Suicide

Study: Desire To Die Unaffected by Legalized Suicide

Suffering patients want to live or die without regard to the law

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A team of psychology and ethics researchers has published a study suggesting that liberal legal attitudes to assisted suicide do not increase the desire for death in patients with incurable diseases. The study, carried out in Switzerland, does however show that patients can imagine asking their doctor to administer a lethal drug — something Swiss law forbids.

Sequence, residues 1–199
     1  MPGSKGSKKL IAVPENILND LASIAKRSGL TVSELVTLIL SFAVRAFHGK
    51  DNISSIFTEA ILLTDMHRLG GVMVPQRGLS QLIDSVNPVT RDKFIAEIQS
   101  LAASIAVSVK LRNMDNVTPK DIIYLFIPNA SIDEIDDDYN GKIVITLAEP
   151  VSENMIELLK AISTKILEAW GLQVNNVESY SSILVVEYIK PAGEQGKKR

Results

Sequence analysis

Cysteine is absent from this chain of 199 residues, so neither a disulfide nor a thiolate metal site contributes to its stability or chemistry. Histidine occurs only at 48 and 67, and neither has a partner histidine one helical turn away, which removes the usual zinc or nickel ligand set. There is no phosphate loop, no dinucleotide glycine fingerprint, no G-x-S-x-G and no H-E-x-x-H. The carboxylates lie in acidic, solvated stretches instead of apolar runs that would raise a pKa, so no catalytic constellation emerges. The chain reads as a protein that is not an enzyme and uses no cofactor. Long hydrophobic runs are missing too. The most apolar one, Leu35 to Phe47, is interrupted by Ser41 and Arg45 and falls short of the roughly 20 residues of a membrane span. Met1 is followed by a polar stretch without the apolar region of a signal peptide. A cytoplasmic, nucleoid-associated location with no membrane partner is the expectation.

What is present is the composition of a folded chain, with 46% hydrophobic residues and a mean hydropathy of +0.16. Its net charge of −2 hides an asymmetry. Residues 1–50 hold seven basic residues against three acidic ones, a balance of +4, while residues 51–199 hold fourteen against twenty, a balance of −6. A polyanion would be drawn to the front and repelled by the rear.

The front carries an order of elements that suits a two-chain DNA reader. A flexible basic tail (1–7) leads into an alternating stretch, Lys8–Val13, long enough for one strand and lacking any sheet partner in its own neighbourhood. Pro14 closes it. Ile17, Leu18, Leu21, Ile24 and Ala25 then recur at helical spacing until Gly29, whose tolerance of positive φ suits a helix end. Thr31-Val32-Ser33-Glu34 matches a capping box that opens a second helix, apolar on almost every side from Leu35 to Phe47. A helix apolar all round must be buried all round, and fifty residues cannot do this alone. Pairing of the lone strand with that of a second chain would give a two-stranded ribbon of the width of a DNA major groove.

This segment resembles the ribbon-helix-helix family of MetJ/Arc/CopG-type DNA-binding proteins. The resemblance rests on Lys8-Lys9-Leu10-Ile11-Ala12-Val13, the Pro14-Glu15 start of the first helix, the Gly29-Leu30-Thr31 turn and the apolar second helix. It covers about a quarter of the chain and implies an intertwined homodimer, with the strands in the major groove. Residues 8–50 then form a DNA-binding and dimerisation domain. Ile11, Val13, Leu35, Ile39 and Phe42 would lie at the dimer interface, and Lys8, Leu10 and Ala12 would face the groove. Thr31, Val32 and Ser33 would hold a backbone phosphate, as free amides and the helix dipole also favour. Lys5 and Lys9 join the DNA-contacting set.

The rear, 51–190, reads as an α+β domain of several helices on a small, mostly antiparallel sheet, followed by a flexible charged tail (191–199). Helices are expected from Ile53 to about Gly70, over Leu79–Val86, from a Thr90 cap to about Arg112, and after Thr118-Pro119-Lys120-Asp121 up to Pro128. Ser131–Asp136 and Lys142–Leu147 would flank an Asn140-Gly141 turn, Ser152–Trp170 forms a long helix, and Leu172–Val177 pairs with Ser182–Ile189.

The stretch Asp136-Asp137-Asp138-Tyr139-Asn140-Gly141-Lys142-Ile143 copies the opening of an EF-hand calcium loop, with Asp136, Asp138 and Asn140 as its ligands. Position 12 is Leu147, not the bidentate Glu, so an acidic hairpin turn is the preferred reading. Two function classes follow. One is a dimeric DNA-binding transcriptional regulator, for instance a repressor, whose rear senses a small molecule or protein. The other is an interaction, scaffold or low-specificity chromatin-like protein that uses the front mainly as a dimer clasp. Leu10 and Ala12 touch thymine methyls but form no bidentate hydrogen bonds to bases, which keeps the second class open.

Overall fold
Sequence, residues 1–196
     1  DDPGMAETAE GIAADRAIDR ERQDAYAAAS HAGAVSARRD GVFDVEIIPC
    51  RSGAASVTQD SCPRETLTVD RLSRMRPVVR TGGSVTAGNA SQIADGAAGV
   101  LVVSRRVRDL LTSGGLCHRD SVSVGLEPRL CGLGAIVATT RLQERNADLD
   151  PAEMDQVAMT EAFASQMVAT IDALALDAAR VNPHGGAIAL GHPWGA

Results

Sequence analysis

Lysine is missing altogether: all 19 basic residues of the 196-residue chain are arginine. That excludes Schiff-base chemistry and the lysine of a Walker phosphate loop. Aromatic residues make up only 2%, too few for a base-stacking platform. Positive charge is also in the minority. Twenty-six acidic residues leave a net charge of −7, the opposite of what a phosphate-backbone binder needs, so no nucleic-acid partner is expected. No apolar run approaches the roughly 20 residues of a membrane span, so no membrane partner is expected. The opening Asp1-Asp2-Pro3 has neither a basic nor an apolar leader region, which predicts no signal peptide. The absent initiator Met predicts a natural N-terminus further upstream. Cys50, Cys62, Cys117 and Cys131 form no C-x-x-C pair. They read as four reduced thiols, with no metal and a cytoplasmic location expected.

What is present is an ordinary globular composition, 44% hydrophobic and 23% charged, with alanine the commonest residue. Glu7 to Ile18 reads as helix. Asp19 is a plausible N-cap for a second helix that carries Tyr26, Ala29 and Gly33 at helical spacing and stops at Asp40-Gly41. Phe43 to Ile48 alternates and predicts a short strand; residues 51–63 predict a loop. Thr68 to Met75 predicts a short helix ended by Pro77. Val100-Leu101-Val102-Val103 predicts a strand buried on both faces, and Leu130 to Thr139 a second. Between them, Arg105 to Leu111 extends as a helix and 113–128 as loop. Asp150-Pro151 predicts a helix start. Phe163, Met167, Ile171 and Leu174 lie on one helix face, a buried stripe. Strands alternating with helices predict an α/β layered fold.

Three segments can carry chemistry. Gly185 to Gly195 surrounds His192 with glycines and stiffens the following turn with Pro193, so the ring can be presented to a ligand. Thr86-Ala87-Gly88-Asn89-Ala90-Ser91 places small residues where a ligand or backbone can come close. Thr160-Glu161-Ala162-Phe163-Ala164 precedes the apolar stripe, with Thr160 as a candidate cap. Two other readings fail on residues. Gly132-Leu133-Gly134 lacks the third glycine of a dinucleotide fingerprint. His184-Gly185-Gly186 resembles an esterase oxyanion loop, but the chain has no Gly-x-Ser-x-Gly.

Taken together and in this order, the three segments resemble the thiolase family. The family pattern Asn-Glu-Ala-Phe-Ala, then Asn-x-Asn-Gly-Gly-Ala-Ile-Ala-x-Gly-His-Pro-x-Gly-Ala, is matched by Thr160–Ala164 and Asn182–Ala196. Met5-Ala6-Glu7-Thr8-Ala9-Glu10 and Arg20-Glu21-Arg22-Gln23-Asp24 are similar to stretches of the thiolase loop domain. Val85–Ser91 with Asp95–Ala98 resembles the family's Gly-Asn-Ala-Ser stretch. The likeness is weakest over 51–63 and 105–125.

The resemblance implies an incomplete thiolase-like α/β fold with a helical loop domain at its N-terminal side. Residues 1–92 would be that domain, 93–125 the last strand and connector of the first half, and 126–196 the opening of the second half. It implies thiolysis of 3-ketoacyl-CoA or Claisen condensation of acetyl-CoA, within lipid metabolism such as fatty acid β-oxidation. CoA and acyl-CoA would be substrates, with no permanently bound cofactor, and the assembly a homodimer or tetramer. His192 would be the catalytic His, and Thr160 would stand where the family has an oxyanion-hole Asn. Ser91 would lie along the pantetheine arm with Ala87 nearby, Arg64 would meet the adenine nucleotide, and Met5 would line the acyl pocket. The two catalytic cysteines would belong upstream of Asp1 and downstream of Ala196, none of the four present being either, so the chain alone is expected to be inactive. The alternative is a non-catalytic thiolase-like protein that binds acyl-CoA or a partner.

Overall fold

The study, published in Frontiers in Psychology for Clinical Settings, was carried out on a small test group of just 33 patients suffering from the motor neurone disease amyotrophic lateral sclerosis (ALS). It's significant, however, because the neurodegenerative disease is one of the most common and, according to a study carried out by the University of Zurich in 2004, on average 24 percent of those who died in Swiss assisted suicide centres suffered from related diseases, with ALS specifically cited (the only diagnosis that led to assisted suicide more frequently was cancer). Also, patients' and caregivers' feelings towards assisted suicide have never before been studied.

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